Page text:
Okay, so a lot of moto-fascists argue that cyclists cause delays on the roads and create traffic snarls. Without lashing out at the lack of intelligence those statements betray I will argue the point from a practicality standpoint and explain why bikes are not the cause of traffic.
First, and most obvious is this: smart and considerate cyclists tend to avoid the more congested roadways in favor of the less busy and less dangerous side streets and routes when possible.
I've groaned over the argument that from a vehicular cycling stance that there should be no distinction and that cyclists should not avoid higher traffic roadways. And while I think a visual presence is important, that cyclists should show their numbers, I don't think putting yourself into harm's way to make the statement that "bikes belong" is really the best use of your energy.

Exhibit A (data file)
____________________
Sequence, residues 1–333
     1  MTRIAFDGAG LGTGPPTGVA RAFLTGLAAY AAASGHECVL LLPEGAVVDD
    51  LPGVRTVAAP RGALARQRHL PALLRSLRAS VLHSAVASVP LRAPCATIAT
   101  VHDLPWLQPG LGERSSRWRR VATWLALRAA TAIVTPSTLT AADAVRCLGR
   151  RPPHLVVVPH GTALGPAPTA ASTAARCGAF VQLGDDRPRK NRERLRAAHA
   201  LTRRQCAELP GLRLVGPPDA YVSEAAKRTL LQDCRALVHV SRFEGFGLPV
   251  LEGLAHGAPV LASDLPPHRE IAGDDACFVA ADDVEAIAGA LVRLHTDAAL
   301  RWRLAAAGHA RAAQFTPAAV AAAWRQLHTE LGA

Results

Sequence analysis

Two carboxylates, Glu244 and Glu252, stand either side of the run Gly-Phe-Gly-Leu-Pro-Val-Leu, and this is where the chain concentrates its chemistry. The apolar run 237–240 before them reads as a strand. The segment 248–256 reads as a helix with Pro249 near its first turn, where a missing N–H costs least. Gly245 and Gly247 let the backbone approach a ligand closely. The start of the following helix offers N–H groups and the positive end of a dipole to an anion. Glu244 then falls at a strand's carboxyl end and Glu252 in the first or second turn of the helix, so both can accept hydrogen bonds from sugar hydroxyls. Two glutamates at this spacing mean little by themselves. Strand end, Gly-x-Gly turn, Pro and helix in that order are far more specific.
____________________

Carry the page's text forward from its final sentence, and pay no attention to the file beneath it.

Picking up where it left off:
When I plan my routes I choose the most direct path that I can with as little vehicle, bicycle or pedestrian traffic that I can manage. I do this for two reasons, one is out of consideration for my fellow travelers. I try not to contribute to traffic and congestion because I know it adds stress to everyone's day. The second reason is because I try to avoid congestion myself. That said, if I have to use a certain busy roadway I hold my ground and ride in such a way that maximizes my own safety, even if that does cause some minor traffic problems. Its the reality we face as cyclists. Given the choice, I will take the route that first and foremost causes ME the least stress and personal danger and my secondary criteria is that I don't cause grief for my fellow travelers.
The second practical argument is this: Motor vehicles comprise the overwhelming bulk of traffic, not bicycles. The time lost by motorists because of the presence of bicycles is negligible. The time lost by motorists because of the presence of OTHER MOTORISTS is immense. Even when bicycles are present on high volume roadways they do not cause as much congestion as a slow moving car, delivery truck or service vehicle. Traffic lights, stop signs, and great numbers of other motor vehicles are the true bane of motorists.